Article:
Religion is none of the government's business

August 28, 2010

My three favorite phrases are, in reverse order:

No. 3. "What the Founding Fathers really said was ..."

No. 2. "What the Founding Fathers were trying to say was ..."

No. 1. "What the Founding Fathers meant to say was ..."

I think it's really cool the way we can, two centuries hence, all travel back in time and place ourselves squarely in the Founding Fathers' respective lemons.

The woman who's running for Senate in Nevada recently said if one reads the Founding Fathers' writings, it's clear they were conservative. I'm sure King George and all of the Tories would find that statement to be unspeakably amusing.


And the Founding Fathers themselves might be amused that today we seem to believe that they were all of one mind on all subjects. Truth is, they fought like cats over just about everything. They were able to produce a constitution because they were open to compromise, a word that some around here seem to believe is spelled with four letters.

The ideologues like to cozy up to the constitution, but had the Founders been like them - unyielding - there would be no constitution because there would have been no compromise.

Yet while we seem to believe that the Founding Fathers were oracles of truth, we have less respect for the document they produced.

As a point of reference, it pays to remember that nowhere has more constitutional two-stepping occurred than as it pertains to the Second Amendment. We've been told again and again that the Founders meant to say that national guards, not people, should have guns.

Maybe they did, but that's not what the Constitution says. It says that the government can't take away our gun rights. So you can either agitate to repeal the Second Amendment or get off its back.

The same holds true for the First Amendment. It is politically popular to see the word "religion" and read "Christian." Again, the Founding Fathers might have thought the Apostle Paul was better than a hot dog and chips, but they wrote that all religions, not just Christianity, can worship as, and where, they see fit.

That's why all of the fireworks over a New York City mosque is just so much cat litter. It might be poor judgment on the part of the developers, but government has no authority to step in and tell people where they may and may not worship. Can't do it. Just like the government cannot tell a law-abiding man he can't keep a deer rifle under his bed.

It might offend your sensibilities that a mosque is being built near ground zero. Or it might offend your sensibilities that an unstable individual can so easily purchase semiautomatic weapons.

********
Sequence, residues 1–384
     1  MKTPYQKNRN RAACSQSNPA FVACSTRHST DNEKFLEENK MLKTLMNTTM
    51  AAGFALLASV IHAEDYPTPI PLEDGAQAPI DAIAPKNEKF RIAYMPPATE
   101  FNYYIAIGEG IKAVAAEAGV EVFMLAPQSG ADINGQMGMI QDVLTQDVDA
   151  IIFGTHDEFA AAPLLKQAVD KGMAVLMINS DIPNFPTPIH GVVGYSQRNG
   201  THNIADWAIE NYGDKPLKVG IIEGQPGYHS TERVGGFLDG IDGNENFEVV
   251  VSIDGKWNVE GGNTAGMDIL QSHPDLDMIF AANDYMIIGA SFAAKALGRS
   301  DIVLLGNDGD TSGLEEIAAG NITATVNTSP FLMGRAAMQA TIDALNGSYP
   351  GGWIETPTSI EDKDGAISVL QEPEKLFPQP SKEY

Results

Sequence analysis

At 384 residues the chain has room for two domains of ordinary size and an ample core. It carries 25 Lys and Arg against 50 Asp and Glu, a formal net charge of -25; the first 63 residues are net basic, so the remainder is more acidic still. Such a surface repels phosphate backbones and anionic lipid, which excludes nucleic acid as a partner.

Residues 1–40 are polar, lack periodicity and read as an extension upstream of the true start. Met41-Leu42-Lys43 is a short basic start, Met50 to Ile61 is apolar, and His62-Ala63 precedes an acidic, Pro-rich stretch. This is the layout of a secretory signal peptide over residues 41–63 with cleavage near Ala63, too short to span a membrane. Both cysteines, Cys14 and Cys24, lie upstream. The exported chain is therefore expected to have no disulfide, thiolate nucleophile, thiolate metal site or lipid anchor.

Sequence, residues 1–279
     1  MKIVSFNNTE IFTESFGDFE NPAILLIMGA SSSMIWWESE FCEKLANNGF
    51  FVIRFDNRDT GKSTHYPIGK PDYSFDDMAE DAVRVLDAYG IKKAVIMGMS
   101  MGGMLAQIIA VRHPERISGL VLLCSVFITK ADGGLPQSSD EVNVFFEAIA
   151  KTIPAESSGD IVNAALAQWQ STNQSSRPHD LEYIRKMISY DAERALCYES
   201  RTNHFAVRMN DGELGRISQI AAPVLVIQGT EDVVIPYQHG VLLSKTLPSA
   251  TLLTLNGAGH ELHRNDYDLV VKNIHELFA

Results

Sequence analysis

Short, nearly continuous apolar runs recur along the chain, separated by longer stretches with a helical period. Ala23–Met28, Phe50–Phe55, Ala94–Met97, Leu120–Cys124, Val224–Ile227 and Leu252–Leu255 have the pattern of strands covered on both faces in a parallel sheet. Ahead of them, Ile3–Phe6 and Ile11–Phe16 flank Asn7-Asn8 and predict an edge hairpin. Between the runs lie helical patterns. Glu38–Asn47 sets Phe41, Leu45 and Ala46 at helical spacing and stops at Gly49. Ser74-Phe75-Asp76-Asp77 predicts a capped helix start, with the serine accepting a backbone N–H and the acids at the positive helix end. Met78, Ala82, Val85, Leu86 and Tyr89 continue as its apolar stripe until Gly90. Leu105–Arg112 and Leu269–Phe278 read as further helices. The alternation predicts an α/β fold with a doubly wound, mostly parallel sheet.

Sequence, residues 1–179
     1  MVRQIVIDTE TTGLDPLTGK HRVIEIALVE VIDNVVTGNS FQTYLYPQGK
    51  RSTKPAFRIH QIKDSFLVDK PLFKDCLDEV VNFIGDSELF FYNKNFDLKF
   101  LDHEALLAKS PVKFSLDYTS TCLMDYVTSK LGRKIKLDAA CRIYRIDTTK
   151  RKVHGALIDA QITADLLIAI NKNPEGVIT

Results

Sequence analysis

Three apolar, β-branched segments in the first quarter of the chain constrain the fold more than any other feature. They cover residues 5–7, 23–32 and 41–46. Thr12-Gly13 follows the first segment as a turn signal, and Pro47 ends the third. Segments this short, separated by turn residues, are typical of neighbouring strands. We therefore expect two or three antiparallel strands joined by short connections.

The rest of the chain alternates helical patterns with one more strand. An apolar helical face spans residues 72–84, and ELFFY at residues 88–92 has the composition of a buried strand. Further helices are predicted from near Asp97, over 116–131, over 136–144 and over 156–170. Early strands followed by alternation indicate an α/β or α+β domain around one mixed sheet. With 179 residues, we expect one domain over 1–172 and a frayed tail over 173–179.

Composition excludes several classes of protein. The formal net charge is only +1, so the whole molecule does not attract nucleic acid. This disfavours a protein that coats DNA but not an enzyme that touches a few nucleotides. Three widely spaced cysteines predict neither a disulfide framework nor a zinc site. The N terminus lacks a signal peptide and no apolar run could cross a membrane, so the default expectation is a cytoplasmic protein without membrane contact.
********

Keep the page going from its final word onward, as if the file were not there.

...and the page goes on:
But what offends us satisfies others, and what the Constitution does is balance everyone's rights as evenly as it can. The fact that it does not - cannot - make everyone happy is proof of its success.

In America, people generally have the right to do what they want. Certainly, the conservative bloggers who continue to throw gasoline on the mosque fire have every right to do so as well, even though they are vociferously championing the liberal causes of the nanny state and of government interference that they claim to abhor.

It's counter to traditional conservatism, but today's conservatives have a real hankering for government to belly up to the bar and solve all of their problems, real or imagined. They want government to step in and prevent the mosque from being built. They want government to say who can and who cannot be legally married. They want government to dictate the terms of scientific research. They want a massive, expensive government initiative to slow illegal immigration.

This is not the agenda of a truly conservative party that wants government off of our backs. This is the agenda of a party that wants control over a government that will tell us what to do, right down to some of the most intimate details of our lives. And if those are today's conservatives, you can imagine what today's most liberal of liberals are like. For voters who are truly interested in limited government, the options at the ballot box are slim.

Olden-day conservatives might have sputtered a bit about the New York City mosque, but they would have understood the truth: Religion is none of the government's business. In this area, government is specifically directed to "make no law." And beyond that, they would have understood that the best way to stick it in the eye of our enemies would be to allow the mosque to be built.

Radical Islamists do have the Internet. And when the bloggers shoot off at the mouth, what they're saying to the terrorists is this: We're afraid of you. You have gotten so far inside our heads that we will abandon our fundamental beliefs because of your actions.

Might not a better message be this: You can shake bricks and mortar, but you can't shake our beliefs. We stand for freedom on all counts, and you have not managed to nick these freedoms in the least. You do not scare us, you do not intimidate us. You are not able to make us change our ways.

Bet that's what the Founding Fathers would have said.

Tim Rowland is a Herald-Mail columnist. He can be reached at 301-733-5131, ext. 26997, or by e-mail at"> Tune in to the Rowland Rant video at, on or on Antietam Cable's WCL-TV Channel 30 evenings at 6:30. New episodes are released every Wednesday.

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